Chapter 71:

Chapter 71 - To Know Thine Enemy


Beretta was dead, and, all things considered, she wasn’t taking it very well.

“I ran!” she protested, stomping her little foot in indignation. “I ran fast!

Morgan sighed and shook his head. “Doesn’t matter, kid. No matter how fast you are, you can’t outrun a bullet.”

“This is not fair! You are just making things up!”

“It may look like that, but there’s a point to it. I promise,” he said. “You died because you ignored the plan. If you’d stayed put instead of running out from behind your cover, you might have helped everyone win together.”

The corners of her lips sank low. She slid into a sulk, looking to Roulette and her daddy for validation.

None came. They smiled and shrugged their shoulders before shuffling back to their starting position behind the mast.

“You’re oh-for-three, team,” Morgan chided, stooping forward to lean on the foredeck’s railing. “Y’all need to listen to the details I’m givin’. The goal is to win without losin’ anyone–it’s not worth gettin’ one over on the enemy if somebody dies in the process. Now, let’s run it back.”

He closed his eyes and stroked his chin, focusing on the task of formulating a new imaginary foe for them to build their strategy around. “Alright. Long-range weapon. Low firing rate, medium-power bullets. Physically strong and agile. Good hearin’ and eyesight. Knows you’re there. Go.”

“You keep givin’ us hard ones!” Roulette complained, taking her customary position behind the barrel (which he’d allowed them to consider full for the purposes of the exercise).

“It’s life that’s hard–I’m just doin’ my best to prepare you for it,” Morgan replied. He scanned the deck, noting with some satisfaction that each Gunslinger had chosen suitable cover. “You’re all safe for now. What next?”

Roulette peeked up over the top of the barrel and took aim at him. “I lay down suppressin’ fire!”

“Good. That’s the ideal approach for this enemy! Marka, what are you doin’?”

“I take advantage of the distraction and move up!” he called from behind the mast.

“Alright. Where to?”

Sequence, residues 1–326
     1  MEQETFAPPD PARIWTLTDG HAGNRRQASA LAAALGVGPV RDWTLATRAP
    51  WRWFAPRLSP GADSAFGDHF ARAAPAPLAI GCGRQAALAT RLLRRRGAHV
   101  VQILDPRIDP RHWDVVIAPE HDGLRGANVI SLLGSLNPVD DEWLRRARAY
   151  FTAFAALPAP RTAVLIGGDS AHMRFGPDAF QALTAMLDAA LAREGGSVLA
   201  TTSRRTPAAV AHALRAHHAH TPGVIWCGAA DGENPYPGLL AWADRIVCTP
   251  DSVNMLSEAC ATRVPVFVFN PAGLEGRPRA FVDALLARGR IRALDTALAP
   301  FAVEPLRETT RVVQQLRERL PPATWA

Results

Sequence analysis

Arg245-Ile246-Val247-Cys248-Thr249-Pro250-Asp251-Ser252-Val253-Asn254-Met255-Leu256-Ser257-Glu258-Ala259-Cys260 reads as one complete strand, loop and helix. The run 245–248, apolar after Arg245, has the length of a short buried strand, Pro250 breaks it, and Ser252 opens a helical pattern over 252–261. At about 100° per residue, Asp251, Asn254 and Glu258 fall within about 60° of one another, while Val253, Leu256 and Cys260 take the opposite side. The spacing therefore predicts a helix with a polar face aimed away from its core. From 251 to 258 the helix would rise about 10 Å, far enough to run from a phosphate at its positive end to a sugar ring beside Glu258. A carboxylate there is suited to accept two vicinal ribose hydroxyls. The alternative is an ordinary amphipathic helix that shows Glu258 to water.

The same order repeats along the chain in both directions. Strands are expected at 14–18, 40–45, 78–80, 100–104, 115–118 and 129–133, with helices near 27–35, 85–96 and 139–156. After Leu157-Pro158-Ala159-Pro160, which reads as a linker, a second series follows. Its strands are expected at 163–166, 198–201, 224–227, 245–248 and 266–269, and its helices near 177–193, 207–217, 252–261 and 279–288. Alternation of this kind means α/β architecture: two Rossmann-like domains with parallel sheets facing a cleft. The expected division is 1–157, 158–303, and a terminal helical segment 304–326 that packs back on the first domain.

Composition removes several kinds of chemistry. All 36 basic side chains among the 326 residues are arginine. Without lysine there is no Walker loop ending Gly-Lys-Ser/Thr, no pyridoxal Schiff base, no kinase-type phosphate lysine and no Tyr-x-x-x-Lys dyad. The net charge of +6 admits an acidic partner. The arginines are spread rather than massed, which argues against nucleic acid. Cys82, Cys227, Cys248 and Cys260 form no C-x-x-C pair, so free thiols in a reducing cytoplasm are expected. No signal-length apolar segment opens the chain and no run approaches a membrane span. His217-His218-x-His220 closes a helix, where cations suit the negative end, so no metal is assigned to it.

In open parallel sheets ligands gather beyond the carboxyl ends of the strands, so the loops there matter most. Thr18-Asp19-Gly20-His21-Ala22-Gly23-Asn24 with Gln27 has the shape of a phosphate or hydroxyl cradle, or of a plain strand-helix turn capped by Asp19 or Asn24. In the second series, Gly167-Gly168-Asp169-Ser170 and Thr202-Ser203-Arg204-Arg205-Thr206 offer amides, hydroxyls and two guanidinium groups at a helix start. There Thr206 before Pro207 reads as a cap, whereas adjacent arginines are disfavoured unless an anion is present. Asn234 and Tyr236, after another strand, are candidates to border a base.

“Right under the enemy’s position!”

Morgan lifted his eyebrows. “You sure? That’s mighty risky.”

“The enemy’s weapon is medium-power and fires slowly. I can likely survive one shot,” Marka pressed, “Also, my size makes it impossible to hide properly behind anything else.”

Morgan readied the button he’d borrowed from Mimi and waved Marka forward. “Go ahead, then. Let’s see if you make it.”

Marka charged out from behind the mast and weaved between the detritus littering the deck. Morgan kept an eye on his progress, flipping the button into the air once Marka had reached the halfway point.

“Tails!” he cried, shoving the button back in his pocket. “You take a hit. Left thigh.”

Marka cursed, throwing himself up against the wall below. “So I move slowly now, yes?”

“Yes, but at least the enemy can’t see you down there. You’re safe for now.”

Roulette pounded her first on the barrel-top. “I was keepin’ him suppressed! How’d he get a shot off?”

“Suppressin’ fire ain’t perfect. A wily enemy can still pop up and get a shot off, and your bullets aren’t strong enough to drop him besides,” he explained. “It did distract him, though. Without you, that leg-shot might’ve been a headshot.”

Roulette grumbled to herself, keeping her barrel trained on him. “Okay. What now?”

“That’s up to you. Any ideas?”

“...I could simply run up the stairs and flank him, no?” Marka suggested.

“No. You’re limpin’–he’d have plenty of time to react before you got close. Any other ideas?”

Nobody spoke up. Morgan felt compelled to give them a little push, sensing that the team might get ornery if their losing streak went on much longer.

“There’s three of you, mind!”

“But what can I do!?” Beretta fumed from behind a few sacks of lentils. “I have no weapon to attack with!”

“Get creative. If you can’t shoot, think about what else could be done to make things harder for the enemy.”

Morgan heard nothing more from behind the sacks for several seconds. Then:

“...I want to creep up near where Father is!”

Now things were getting interesting. “Oh? Why’s that?”

“Can I do it?” she asked, pointedly ignoring his question. “Can I get where he is?”

He scratched his head. Just what was that little gremlin up to? “Depends. Go ahead and do it just like you would in a fight, and I’ll let you know how it goes.”